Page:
Chuang Tzu. Chapter 9. Argument: Superiority
of the natural over the artifical. Application of this principle
Horses have hoofs to carry them over frost and
snow; hair, to protect them from wind and cold. They eat grass
and drink water, and fling up their heels over the fields. Such
is the real nature of horses. Palatial dwellings are of no use
One day Poh Loh appeared, saying, 'I understand
the management of horses.'
So he branded them, and clipped them, and pared
their hoofs, and put halters on them, tying them up by the head
and shackling them by the feet, and disposing them in stables,
with the results that two or three in every ten died. Then he
kept them hungry and thirsty, trotting them and galloping them,
and grooming, and trimming, with the misery of the tasselled bridle
before and the fear of the knotted whip behind, until more than
half of them were dead.
The potter says, 'I can do what I will with clay.
If I want it round, I use compasses; if rectangular, a square.'
The carpenter says, 'I can do what I will with
wood. If I want it curved, I use an arc; if straight, a line.'
But on what grounds can we think that the natures
of clay and wood desire this application of compasses and square,
of arc and line? Nevertheless, every age extols Poh Loh for his
skill in managing horses, and potters and carpenters for their
skill with clay and wood. Those who govern the empire make the
Now I regard government of the empire from quite
a different point of view.
The people have certain natural instincts; ‹
to weave and clothe themselves, to till and feed themselves. These
are common to all humanity, and all are agreed thereon. Such instincts
are called 'Heaven-sent'.
And so in the days when natural instincts prevailed,
men moved quietly and gazed steadily. At that time, there were
no roads over mountains, nor boats, nor bridges over water. All
things were produced, each for its own proper sphere. Birds and
beasts multiplied; trees and shrubs grew up. The former might
be led by the hand; you could climb up and peep into the raven's
nest. For then man dwelt with birds and beasts, and all creation
was one. There were no distinctions of good and bad men. Being
all equally without knowledge, their virtue could not go astray.
Being all equally without evil desires, they were in a state of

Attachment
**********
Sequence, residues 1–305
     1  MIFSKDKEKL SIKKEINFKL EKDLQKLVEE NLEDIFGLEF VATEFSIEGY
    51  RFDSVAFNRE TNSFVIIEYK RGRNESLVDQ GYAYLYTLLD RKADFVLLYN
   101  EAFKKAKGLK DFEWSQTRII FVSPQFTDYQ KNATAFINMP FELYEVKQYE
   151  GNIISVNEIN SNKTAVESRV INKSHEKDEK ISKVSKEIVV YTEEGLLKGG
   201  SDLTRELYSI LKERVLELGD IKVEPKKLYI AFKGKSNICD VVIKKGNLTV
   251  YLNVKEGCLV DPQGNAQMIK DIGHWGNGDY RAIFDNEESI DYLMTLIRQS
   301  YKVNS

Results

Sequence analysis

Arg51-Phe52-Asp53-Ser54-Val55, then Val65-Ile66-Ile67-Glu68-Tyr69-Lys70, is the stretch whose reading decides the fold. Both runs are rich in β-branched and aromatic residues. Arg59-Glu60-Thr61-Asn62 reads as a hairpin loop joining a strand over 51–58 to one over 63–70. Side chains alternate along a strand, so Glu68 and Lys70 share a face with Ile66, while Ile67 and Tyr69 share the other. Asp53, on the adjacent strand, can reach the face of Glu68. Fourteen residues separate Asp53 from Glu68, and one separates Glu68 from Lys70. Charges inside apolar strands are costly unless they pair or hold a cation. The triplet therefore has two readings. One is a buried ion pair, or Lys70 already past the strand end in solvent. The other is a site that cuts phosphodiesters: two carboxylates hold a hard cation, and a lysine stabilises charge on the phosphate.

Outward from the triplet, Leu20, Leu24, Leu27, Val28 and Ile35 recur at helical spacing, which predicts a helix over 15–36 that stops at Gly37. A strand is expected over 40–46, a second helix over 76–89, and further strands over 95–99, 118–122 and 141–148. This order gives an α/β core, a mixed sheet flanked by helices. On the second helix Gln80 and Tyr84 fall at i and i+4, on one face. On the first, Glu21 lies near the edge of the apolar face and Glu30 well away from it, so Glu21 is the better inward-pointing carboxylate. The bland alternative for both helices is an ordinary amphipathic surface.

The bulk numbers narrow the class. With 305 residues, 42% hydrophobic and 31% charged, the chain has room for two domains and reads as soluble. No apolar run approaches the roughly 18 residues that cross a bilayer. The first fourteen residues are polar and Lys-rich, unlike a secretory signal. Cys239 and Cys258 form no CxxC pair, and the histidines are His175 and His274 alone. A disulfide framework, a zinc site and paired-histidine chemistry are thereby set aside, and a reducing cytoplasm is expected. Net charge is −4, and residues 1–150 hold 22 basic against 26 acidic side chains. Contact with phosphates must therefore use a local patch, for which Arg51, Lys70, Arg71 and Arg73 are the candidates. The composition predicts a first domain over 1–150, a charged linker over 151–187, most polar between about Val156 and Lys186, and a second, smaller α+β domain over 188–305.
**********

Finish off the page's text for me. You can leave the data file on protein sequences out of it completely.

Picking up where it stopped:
natural integrity, the perfection of human existence.
But when Sages appeared, tripping people over
charity and fettering with duty to one's neighbour, doubt found
its way into the world. And then with their gushing over music
and fussing over ceremony, the empire became divided against itself.
Were the natural integrity of things left unharmed,
who could make sacrificial vessels? Were white jade left unbroken,
who could make the regalia of courts? Were Tao not abandoned,
who could introduce charity and duty to one's neighbour? Were
man's natural instincts his guide, what need would there be for
music and ceremonies? Were the five colours not confused, who
would practise decoration? Were the five notes not confused, who
would adopt the six pitch-pipes?
Destruction of the natural integrity of things,
in order to produce articles of varius kinds, this is the fault
of the artisan. Annihilation of Tao in order to practise charity
and duty to one's neighbour, ‹ this is the error of the
Horses live on dry land, eat grass and drink
water. When pleased, they rub their necks together. When angry,
they turn round and kick up their neels at each other. Thus far
only do their natural dispositions carry them. But bridled and
bitted, with a plate of metal on their foreheads, they learn to
cast vicious looks, to turn the head to bite, to resist, to get
the bit out of the mouth or the bridle into it. And thus their
natures become depraved, the fault of Poh Loh.
In the days of Ho Hsü the people did nothing
in particular when at rest, and went nowhere in particular when
they moved. Having food, they rejoiced; having full bellies, they
strolled about. Such were the capacities of the people. But when
the Sages came to worry them with ceremonies and music in order
to rectify the form of government, and dangled charity and duty
to one's neighbours before them in order to satisfy their hearts,
‹ then the people began to develop a taste for knowledge
and to struggle one with the other in their desire for gain. This
was the error of the Sages.
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Translated from the Chinese by Herbert A. Giles. First edition,
1889; second edition, 1923.